In the UK there exists an extensive "hospice" network, largely funded by charity organisations.
Antonia is my best friend here - when I fell on some very hard times she put me up for more or less two years until she wisely told me to get out and get my act together.
Both Antonia's mother and maternal Aunt Gertrudes lived in her house. Both died whilst I lived there. Gertrudes suffered from what I imagine the medics call "dementia". But whilst she was physically able, she would make efforts to contribute to domestic life, sweeping the yard etc.
The palliative care in a home-setting was excellent but Antonia's family is relatively well-off. Here in Africa the quality of direct and extended family-care is very dependent on relative wealth, just as in the UK the provision of home-based palliative care is a greater hardship on the poor, although the closer proximity here of the extended-family certainly helps. However, there are no community nursing or social services. Fortunately for Antonia's mum and Aunt Gertrudes there was also a doctor in the family.
Inequalities of wealth have increased since I arrived in 1989. Back then we had a one-party state that had, since independence, tried with large amounts of foreign aid to provide the cradle-to-grave care that even we in the UK find an uphill struggle. The shops were empty.
But there were no old people begging on the streets, no street kids, rural-to-urban migration was low as people on the state-managed plantations were not allowed to starve, and as previously mentioned, we had an expensive primary and secondary healthcare system.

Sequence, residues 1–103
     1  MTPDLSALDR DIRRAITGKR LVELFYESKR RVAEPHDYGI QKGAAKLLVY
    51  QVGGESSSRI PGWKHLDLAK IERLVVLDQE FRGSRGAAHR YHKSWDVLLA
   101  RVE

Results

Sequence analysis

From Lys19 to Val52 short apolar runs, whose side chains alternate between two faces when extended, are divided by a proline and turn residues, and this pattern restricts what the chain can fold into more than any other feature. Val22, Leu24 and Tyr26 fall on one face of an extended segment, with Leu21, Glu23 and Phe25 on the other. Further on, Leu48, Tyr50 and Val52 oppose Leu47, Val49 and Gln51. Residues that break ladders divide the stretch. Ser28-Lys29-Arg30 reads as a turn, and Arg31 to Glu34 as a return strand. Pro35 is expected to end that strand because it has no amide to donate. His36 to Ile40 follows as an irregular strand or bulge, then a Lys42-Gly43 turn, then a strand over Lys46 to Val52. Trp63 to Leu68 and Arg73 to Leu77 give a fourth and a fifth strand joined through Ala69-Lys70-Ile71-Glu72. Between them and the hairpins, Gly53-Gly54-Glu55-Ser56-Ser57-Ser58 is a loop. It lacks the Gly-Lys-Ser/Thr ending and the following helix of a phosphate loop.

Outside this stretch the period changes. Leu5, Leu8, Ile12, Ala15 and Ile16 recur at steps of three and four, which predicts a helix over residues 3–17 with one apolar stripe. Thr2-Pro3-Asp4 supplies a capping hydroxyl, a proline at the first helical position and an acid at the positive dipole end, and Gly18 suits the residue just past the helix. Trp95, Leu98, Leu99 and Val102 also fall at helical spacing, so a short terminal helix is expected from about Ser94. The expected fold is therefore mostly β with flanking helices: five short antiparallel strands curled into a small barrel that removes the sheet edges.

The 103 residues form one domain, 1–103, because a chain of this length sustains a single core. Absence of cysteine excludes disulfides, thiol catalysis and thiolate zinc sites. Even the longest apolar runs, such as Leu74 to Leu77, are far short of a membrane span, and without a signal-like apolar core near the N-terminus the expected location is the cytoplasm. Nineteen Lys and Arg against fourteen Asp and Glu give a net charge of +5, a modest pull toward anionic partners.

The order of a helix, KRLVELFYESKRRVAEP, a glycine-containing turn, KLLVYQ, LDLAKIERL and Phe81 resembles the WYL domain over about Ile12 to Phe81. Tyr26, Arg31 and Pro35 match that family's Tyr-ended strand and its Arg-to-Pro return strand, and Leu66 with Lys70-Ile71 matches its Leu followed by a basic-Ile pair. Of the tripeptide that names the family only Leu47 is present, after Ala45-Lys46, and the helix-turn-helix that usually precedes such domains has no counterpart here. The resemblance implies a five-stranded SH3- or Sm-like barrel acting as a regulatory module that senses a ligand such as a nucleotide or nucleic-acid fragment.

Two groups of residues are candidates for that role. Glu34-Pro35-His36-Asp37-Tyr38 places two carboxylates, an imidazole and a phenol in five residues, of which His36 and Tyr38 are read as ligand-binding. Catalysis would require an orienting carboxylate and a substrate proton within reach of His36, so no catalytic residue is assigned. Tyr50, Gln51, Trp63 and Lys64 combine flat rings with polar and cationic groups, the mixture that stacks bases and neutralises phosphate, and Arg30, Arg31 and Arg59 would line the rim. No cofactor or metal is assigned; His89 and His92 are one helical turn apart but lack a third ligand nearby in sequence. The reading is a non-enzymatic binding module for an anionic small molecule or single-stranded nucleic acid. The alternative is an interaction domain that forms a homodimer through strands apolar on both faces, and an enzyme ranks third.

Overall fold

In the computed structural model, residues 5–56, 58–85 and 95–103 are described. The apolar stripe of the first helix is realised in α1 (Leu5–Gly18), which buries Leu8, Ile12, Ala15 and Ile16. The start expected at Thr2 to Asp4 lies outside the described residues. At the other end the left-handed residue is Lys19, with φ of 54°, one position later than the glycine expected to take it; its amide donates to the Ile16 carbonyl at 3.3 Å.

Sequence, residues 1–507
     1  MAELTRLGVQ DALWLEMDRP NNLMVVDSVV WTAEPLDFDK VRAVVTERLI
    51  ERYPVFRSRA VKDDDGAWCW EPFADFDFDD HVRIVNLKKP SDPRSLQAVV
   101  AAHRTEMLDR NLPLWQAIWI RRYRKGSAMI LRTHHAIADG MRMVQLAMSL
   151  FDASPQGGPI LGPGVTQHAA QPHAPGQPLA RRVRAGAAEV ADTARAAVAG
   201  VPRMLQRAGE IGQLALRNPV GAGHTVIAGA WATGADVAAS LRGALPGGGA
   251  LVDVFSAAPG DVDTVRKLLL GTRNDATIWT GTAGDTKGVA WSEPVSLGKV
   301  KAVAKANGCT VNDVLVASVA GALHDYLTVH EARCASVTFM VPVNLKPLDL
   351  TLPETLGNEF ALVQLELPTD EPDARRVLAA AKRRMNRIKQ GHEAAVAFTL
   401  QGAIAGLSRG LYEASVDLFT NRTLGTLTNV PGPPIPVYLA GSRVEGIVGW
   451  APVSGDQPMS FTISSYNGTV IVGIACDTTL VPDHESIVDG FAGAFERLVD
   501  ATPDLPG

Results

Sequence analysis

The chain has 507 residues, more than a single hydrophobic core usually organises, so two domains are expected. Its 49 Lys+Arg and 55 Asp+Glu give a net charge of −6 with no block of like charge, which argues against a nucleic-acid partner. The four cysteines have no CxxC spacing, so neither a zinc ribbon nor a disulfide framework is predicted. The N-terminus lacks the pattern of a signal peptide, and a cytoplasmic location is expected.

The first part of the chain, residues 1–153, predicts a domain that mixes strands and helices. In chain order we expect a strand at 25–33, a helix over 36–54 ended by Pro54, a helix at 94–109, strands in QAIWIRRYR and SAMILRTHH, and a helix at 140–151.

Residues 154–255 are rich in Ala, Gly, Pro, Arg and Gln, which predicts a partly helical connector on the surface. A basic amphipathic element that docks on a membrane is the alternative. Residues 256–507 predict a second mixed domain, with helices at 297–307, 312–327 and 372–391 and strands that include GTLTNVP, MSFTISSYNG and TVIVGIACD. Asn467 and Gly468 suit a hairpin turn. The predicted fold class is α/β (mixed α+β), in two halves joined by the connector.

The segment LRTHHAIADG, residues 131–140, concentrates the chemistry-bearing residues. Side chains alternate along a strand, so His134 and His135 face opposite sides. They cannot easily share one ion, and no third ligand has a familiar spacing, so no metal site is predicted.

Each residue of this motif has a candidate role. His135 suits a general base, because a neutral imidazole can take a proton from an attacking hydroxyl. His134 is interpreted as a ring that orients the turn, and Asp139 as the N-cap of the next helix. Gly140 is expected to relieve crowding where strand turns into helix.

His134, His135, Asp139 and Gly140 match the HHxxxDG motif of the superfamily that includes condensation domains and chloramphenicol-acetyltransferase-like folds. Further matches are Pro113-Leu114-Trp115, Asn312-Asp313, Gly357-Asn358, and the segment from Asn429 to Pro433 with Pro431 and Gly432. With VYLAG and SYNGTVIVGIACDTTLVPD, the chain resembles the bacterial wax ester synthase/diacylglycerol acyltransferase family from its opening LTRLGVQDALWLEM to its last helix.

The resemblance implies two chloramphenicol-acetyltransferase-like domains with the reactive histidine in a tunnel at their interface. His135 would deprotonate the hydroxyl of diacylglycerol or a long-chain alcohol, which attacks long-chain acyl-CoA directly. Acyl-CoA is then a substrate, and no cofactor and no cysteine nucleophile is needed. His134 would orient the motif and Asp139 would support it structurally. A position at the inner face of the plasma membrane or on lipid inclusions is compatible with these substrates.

The collapse of the Soviet empire led to a massive decrease in foreign aid (although on the medical front Cuba still provides most of the best specialist doctors in the country). My Ukrainian dentist went home. Democracy came in 1992.
The IMF and World Bank hit us. Reform.
Now the shops are full. Old people begging on the streets, street kids, prostitution on the rise (although never a non-promiscuous society).
Home-based palliative care is becoming financially impossible for many families.
Sure, some sheltered-housing for the old has been built, there is a soup-kitchen for street kids in the city, financed by foreign aid and foreign charities ... but when you go town on a Saturday morning and see the lines of old people lining up outside richer shops awaiting a weekly charitable donation, when you see the street kids trying to sell you seed-bead necklaces or wash your car ....
One day Aunt Gertrudes couldn't get out of bed. She was dying. I cannot recall how many days it lasted but not long. One can often read the signs of imminent death in an old person, so as it approached, when she lost consciousness, immediate family was called.
I have no experience of death-scenes in any culture but what followed was weird, at least to me.
The family sat in chairs around her death-bed to watch her die. No movement, no conversation, no physical contact with Gertudes.
I was disgusted. I got a cup of water and a teaspoon. I sat next to her and gave her water drop-by-drop, wetted her lips.
Some 20 minutes before she died, Antonia told me to stop.
PS: I have just rung a friend to ask if this is traditional death-bed behaviour. No - it just depends.
PPS: There are some national palliatve care organisations aand centres in Africa but not many. The need is enormous - given the levels of cancer/HIV/AIDS/other diseases/physical problems on the continent. Visit here for the continental palliative care organisation.